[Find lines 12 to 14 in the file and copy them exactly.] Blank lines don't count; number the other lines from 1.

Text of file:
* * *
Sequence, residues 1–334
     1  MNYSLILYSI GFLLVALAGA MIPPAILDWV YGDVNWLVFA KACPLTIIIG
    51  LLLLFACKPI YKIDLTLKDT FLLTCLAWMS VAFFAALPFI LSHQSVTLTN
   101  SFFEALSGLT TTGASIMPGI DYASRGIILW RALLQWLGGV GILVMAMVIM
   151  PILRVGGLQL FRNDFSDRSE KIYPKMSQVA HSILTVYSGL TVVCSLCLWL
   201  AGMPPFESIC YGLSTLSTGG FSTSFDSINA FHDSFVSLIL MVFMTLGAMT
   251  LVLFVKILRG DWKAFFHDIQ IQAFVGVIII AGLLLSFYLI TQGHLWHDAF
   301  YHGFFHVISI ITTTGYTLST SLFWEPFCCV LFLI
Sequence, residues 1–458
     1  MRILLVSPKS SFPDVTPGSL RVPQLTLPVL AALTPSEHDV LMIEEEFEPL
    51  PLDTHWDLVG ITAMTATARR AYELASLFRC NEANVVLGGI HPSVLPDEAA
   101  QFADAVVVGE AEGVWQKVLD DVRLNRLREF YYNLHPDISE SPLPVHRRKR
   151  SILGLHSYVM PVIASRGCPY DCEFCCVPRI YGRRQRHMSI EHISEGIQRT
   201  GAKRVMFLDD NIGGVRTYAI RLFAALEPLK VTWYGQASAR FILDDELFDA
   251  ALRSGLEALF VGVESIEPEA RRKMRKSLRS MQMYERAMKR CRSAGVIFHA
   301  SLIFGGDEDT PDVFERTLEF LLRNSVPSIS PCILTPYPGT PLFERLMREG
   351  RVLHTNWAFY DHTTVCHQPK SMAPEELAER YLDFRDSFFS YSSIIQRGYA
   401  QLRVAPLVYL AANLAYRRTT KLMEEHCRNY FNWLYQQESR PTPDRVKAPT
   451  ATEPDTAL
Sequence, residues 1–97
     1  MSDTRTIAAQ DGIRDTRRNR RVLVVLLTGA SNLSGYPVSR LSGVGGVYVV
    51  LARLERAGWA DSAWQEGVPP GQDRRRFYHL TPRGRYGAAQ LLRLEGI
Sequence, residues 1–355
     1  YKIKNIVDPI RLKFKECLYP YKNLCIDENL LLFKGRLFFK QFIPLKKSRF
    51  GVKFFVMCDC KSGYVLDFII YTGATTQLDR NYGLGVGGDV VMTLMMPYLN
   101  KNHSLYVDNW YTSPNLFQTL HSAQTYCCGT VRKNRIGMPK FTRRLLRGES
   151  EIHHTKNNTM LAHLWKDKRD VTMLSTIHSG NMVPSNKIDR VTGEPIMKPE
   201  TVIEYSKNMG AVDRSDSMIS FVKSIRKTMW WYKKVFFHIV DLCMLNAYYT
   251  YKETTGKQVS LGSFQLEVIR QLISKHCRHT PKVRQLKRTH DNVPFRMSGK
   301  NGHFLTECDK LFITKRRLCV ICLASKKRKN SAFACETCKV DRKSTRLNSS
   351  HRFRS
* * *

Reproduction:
   101  QFADAVVVGE AEGVWQKVLD DVRLNRLREF YYNLHPDISE SPLPVHRRKR
   151  SILGLHSYVM PVIASRGCPY DCEFCCVPRI YGRRQRHMSI EHISEGIQRT
   201  GAKRVMFLDD NIGGVRTYAI RLFAALEPLK VTWYGQASAR FILDDELFDA